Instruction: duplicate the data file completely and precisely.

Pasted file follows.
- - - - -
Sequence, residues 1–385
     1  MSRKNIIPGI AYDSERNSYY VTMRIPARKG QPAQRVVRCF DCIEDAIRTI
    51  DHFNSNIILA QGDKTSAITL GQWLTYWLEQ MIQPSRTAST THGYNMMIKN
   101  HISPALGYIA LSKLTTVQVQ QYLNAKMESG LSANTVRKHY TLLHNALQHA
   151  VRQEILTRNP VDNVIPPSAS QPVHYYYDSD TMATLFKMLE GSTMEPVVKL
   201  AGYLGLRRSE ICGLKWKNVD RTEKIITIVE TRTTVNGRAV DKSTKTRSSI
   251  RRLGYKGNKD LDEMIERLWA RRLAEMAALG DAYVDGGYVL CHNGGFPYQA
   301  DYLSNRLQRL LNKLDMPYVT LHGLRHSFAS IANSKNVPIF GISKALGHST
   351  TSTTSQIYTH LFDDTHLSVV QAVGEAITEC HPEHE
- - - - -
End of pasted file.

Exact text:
Sequence, residues 1–385
     1  MSRKNIIPGI AYDSERNSYY VTMRIPARKG QPAQRVVRCF DCIEDAIRTI
    51  DHFNSNIILA QGDKTSAITL GQWLTYWLEQ MIQPSRTAST THGYNMMIKN
   101  HISPALGYIA LSKLTTVQVQ QYLNAKMESG LSANTVRKHY TLLHNALQHA
   151  VRQEILTRNP VDNVIPPSAS QPVHYYYDSD TMATLFKMLE GSTMEPVVKL
   201  AGYLGLRRSE ICGLKWKNVD RTEKIITIVE TRTTVNGRAV DKSTKTRSSI
   251  RRLGYKGNKD LDEMIERLWA RRLAEMAALG DAYVDGGYVL CHNGGFPYQA
   301  DYLSNRLQRL LNKLDMPYVT LHGLRHSFAS IANSKNVPIF GISKALGHST
   351  TSTTSQIYTH LFDDTHLSVV QAVGEAITEC HPEHE